The Supreme Court is set to revise a number of rules early next term which relate to the filing of briefs, motions, applications, and documents under seal.  A number of the changes will simply conform to long-standing practice, while others will change the way Cockle Legal Briefs prepares filings.  The most relevant proposals, which have passed the Court’s April 28th period of public comment, include:

  1. Rule 34. “Passim” omitted in Table of Authorities.

Passim, derived from the Latin passus, means “scattered.”  Cockle has long used passim to denote cases or authorities which appear on more than five pages of a brief.  Supreme Court practitioner and Arnold & Porter partner John Elwood told the National Law Journal:

Eliminating the use of ‘passim’ is a substantive improvement, and probably overdue.  As the D.C. Circuit realized years ago, it never made much sense to let parties eliminate a finding aid for the very sources that were most central to its argument.  But the rule change probably matters less now, because so many people read briefs electronically and thus will likely use the word-search function anyway.

It should be noted that judges often use tables of authorities—much like a table of contents—to gain an understanding of the overall approach that a brief’s argument section will take.  Forcing filers to list every page on which an authority appears will add a level of detail to the tables and emphasize how often the most-frequently authorities are used.

  1. Rule 34. Appendix Table of Contents.

The Court makes clear that a table of contents for an appendix should be included at the beginning of the appendix, and not simply as part of the brief’s table of contents.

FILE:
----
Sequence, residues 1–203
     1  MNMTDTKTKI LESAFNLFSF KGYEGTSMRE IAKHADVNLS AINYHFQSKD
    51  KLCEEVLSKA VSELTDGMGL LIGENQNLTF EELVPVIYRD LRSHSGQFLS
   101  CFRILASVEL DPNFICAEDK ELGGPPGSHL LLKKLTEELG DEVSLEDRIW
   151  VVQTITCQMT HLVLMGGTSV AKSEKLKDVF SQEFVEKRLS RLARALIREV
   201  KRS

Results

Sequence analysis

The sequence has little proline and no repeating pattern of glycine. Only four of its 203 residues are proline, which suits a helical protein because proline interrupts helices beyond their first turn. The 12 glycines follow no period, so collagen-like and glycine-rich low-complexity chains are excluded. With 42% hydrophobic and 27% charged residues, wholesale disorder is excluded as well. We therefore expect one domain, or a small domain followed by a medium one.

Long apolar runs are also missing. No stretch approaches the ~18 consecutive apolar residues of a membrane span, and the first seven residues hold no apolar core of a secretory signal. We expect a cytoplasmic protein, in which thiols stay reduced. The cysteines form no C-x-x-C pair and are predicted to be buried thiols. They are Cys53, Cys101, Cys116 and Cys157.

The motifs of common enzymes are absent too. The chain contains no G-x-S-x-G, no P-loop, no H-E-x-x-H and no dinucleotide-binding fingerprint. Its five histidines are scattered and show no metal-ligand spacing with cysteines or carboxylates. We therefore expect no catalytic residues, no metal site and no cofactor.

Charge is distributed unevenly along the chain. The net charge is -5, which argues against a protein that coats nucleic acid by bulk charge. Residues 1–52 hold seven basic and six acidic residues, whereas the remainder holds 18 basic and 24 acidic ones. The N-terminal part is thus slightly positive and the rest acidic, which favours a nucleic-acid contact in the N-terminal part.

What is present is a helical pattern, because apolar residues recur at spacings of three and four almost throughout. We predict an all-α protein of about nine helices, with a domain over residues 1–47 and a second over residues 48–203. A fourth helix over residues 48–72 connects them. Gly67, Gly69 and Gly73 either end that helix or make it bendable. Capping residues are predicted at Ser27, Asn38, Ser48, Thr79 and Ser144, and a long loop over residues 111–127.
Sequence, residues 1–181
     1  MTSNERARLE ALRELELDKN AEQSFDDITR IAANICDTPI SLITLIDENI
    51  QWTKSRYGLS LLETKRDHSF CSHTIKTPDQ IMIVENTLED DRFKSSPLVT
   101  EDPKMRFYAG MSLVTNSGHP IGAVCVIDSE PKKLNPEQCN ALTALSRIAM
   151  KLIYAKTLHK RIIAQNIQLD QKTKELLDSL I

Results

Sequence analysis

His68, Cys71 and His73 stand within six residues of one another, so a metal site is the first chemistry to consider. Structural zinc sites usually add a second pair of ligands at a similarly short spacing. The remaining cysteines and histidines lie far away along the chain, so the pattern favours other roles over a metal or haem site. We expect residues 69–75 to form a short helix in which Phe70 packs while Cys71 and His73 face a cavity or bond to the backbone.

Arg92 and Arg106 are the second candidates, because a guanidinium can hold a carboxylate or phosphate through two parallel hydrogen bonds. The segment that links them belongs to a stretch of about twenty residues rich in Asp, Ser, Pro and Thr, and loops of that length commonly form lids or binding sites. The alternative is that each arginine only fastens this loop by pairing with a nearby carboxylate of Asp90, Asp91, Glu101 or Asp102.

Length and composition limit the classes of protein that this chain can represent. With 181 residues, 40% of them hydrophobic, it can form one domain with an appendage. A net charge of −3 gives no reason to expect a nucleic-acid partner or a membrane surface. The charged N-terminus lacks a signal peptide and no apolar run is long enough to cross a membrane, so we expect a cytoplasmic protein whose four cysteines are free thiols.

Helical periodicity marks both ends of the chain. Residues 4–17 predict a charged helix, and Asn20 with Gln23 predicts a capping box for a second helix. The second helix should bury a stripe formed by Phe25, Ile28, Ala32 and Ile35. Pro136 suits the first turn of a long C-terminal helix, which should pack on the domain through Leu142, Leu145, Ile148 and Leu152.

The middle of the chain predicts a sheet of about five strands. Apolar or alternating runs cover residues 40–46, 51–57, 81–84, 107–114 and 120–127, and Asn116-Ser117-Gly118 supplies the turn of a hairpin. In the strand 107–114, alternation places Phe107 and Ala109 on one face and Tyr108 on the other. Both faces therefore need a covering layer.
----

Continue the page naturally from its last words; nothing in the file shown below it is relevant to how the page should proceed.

1. Rule 37. Amicus Curiae

The requirement to either obtain consent to file an amicus curiae brief or file a motion for leave to file without consent will be removed.  The Court has found through practice that “the consent requirement may have served a useful gatekeeping function in the past, it no longer does so, and compliance with the rule imposes unnecessary burdens upon litigants and the Court.”

  1. Rule 26. Joint Appendix Docket Entries.

Where dockets entries in federal cases are easily accessible through the internet (PACER), there is no reason for them to be included in a joint appendix.  However, for cases from state courts, a listing of the relevant docket entries in all the courts below should follow the joint appendix table of contents.

  1. Rule 33. 8½- by 11-inch Copy.

The 2019 Rules were revised to require that every filer submit a single 8½- by 11-inch copy of their booklet format brief in order to facilitate the scanning of documents in which an electronic version was not available.

This single, additional paper copy will still be required in cases where electronic filing will not occur (i.e., pro se, or non-attorney filings), but it will not be needed where the brief is submitted through the Court’s electronic filing system (i.e., by a member of the SCOTUS bar).


These rule revisions will likely not impact pending cases, but instead affect all future filings, following their enactment.  Look for the revised set of rules to be officially released sometime this summer, in advance of the official commencement of the Court’s upcoming term on October 3, 2022.